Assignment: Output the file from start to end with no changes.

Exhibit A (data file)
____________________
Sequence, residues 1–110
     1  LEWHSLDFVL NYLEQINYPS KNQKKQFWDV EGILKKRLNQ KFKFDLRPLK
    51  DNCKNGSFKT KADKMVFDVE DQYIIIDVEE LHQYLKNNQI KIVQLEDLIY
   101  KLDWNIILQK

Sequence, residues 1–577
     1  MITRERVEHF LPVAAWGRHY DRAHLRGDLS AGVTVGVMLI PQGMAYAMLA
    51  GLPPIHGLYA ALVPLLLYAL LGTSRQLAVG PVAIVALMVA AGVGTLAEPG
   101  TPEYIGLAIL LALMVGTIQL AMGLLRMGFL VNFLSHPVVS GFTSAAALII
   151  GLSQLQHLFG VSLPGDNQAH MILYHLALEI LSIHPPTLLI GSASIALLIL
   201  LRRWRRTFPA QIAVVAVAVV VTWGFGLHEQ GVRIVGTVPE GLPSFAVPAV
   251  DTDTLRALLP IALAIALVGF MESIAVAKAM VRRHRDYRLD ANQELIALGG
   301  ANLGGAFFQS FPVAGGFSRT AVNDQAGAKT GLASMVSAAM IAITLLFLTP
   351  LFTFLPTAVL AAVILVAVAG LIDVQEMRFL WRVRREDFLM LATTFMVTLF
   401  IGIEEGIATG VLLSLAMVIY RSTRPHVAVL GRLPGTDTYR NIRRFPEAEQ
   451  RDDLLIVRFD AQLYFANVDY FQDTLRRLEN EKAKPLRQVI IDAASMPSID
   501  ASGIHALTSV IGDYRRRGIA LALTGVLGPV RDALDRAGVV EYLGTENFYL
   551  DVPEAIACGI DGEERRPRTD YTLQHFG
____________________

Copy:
Sequence, residues 1–110
     1  LEWHSLDFVL NYLEQINYPS KNQKKQFWDV EGILKKRLNQ KFKFDLRPLK
    51  DNCKNGSFKT KADKMVFDVE DQYIIIDVEE LHQYLKNNQI KIVQLEDLIY
   101  KLDWNIILQK

Sequence, residues 1–577
     1  MITRERVEHF LPVAAWGRHY DRAHLRGDLS AGVTVGVMLI PQGMAYAMLA
    51  GLPPIHGLYA ALVPLLLYAL LGTSRQLAVG PVAIVALMVA AGVGTLAEPG
   101  TPEYIGLAIL LALMVGTIQL AMGLLRMGFL VNFLSHPVVS GFTSAAALII
   151  GLSQLQHLFG VSLPGDNQAH MILYHLALEI LSIHPPTLLI GSASIALLIL
   201  LRRWRRTFPA QIAVVAVAVV VTWGFGLHEQ GVRIVGTVPE GLPSFAVPAV
   251  DTDTLRALLP IALAIALVGF MESIAVAKAM VRRHRDYRLD ANQELIALGG
   301  ANLGGAFFQS FPVAGGFSRT AVNDQAGAKT GLASMVSAAM IAITLLFLTP
   351  LFTFLPTAVL AAVILVAVAG LIDVQEMRFL WRVRREDFLM LATTFMVTLF
   401  IGIEEGIATG VLLSLAMVIY RSTRPHVAVL GRLPGTDTYR NIRRFPEAEQ
   451  RDDLLIVRFD AQLYFANVDY FQDTLRRLEN EKAKPLRQVI IDAASMPSID
   501  ASGIHALTSV IGDYRRRGIA LALTGVLGPV RDALDRAGVV EYLGTENFYL
   551  DVPEAIACGI DGEERRPRTD YTLQHFG